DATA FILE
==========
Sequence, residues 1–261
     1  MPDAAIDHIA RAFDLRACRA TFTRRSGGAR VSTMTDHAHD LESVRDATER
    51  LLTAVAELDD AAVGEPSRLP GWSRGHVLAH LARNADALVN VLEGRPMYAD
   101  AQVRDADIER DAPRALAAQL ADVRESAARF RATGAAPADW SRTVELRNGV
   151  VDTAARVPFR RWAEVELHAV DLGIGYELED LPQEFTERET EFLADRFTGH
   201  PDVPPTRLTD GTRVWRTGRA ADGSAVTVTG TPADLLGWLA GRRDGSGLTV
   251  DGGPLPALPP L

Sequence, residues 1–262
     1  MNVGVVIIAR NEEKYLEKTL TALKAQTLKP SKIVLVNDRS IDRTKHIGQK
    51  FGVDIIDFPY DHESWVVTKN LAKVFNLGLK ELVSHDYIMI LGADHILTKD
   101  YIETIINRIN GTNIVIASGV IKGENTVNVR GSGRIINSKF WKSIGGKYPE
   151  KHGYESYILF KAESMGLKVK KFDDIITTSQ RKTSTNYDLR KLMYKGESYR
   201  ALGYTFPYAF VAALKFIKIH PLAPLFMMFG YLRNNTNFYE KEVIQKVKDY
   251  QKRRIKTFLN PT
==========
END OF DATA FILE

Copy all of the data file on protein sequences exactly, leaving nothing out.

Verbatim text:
Sequence, residues 1–261
     1  MPDAAIDHIA RAFDLRACRA TFTRRSGGAR VSTMTDHAHD LESVRDATER
    51  LLTAVAELDD AAVGEPSRLP GWSRGHVLAH LARNADALVN VLEGRPMYAD
   101  AQVRDADIER DAPRALAAQL ADVRESAARF RATGAAPADW SRTVELRNGV
   151  VDTAARVPFR RWAEVELHAV DLGIGYELED LPQEFTERET EFLADRFTGH
   201  PDVPPTRLTD GTRVWRTGRA ADGSAVTVTG TPADLLGWLA GRRDGSGLTV
   251  DGGPLPALPP L

Sequence, residues 1–262
     1  MNVGVVIIAR NEEKYLEKTL TALKAQTLKP SKIVLVNDRS IDRTKHIGQK
    51  FGVDIIDFPY DHESWVVTKN LAKVFNLGLK ELVSHDYIMI LGADHILTKD
   101  YIETIINRIN GTNIVIASGV IKGENTVNVR GSGRIINSKF WKSIGGKYPE
   151  KHGYESYILF KAESMGLKVK KFDDIITTSQ RKTSTNYDLR KLMYKGESYR
   201  ALGYTFPYAF VAALKFIKIH PLAPLFMMFG YLRNNTNFYE KEVIQKVKDY
   251  QKRRIKTFLN PT